How important is access to public transportation in corporate location decisions?
According to this article, access to public transportation is now a major factor as large corporations, including Amazon, McDonalds, and Caterpillar, attempt to attract and retain employees in a tight labor market.
It is especially a factor for Millennials, who have multiple job prospects and often prefer not to own a car — or cannot afford one.
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This post is based on the NPR article, ‘Talent Wants Transit’: Companies Near Transportation Gaining the Upper Hand, by D. Schaper, November 29, 2018. Image source: egdigital/Getty Images.
1. Why do businesses prefer locations with easy access to public transportation? Is it true for all types of businesses?
Guidance: The article identifies the primary reason as attracting and retaining employees. It is important for businesses to have easy access to their markets as well. This is why the service sector typically enjoys strong economic activity in city areas with public transportation stations and stops.
As an added bonus, large cities with extensive public transportation options often have access to major airports and highways, rail, and sometimes, sea/river to facilitate the transport of goods. In other words, large cities are attractive to both manufacturing and service organizations. Some students may discuss other factors to attract employees: pay, quality of life, cost of living, etc.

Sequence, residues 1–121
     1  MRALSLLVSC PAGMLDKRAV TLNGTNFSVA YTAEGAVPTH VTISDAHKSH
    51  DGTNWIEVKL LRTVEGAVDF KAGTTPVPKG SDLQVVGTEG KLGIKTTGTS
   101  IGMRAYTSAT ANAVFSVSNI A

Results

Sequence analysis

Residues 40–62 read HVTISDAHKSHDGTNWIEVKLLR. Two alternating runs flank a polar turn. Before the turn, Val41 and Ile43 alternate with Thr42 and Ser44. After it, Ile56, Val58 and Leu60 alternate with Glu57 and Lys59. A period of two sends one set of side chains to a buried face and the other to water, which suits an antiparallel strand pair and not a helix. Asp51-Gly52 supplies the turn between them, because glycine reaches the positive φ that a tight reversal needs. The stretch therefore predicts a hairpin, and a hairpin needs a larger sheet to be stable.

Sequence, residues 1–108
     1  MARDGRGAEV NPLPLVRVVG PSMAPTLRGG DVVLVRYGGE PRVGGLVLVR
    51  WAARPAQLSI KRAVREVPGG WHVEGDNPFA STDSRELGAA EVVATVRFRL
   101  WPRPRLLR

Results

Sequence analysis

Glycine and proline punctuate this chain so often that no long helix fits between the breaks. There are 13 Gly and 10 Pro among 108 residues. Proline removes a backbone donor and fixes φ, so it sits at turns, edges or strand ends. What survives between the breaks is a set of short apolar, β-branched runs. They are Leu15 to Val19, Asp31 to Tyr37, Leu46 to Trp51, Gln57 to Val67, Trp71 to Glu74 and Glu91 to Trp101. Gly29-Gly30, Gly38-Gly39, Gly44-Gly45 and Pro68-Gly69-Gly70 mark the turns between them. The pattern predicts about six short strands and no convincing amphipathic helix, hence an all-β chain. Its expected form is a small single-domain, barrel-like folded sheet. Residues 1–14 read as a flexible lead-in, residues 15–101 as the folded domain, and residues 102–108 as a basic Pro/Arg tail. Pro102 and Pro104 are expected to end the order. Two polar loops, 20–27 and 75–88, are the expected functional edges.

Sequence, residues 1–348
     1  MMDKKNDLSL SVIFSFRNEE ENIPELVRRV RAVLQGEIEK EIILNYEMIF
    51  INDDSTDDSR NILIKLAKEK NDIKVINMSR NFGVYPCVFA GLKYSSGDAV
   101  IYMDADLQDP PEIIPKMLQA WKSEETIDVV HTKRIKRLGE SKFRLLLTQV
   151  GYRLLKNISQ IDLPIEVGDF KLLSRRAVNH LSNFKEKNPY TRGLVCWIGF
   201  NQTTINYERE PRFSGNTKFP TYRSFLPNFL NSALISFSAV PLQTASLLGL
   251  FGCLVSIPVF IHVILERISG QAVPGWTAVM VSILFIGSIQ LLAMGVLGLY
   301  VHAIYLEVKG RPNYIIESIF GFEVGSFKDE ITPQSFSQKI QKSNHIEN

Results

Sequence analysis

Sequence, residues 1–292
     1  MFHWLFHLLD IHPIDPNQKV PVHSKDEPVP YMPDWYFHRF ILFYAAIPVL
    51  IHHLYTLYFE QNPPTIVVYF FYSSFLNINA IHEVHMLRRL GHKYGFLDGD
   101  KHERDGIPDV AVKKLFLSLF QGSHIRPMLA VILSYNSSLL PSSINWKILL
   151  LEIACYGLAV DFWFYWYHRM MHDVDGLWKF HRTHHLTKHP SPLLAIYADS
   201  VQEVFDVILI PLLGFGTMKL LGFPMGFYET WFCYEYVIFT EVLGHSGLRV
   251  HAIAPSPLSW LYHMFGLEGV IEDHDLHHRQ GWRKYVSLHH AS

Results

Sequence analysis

2. What advantages does public transportation offer to employees and communities?
Guidance: Some advantages for employees include: increased mobility and job access to those who cannot afford a car; eliminated costs (purchase, maintenance, insurance, parking, gasoline, etc.) of buying a second or even primary vehicle; long and frustrating commutes are avoided, which frees up time; increased safety (fewer accidents); more physical activity (walking, riding bike from/to metro station); and improved social connections.
Some advantages for communities include: a spur to job growth; decreased air pollution; reduced traffic congestion; reduced traffic noise; increased tourist visits and stays.
3. What threats does public transportation face?
Guidance: There are a number, including aging infrastructure, lack of public funds for repairs and maintenance, lack of public funds to attract and train a skilled workforce, poor transit management resulting in delays at transfer points, insufficient capacity leading to crowding, inaccurate real-time information, and capacity adjustments at peak and off-peak times.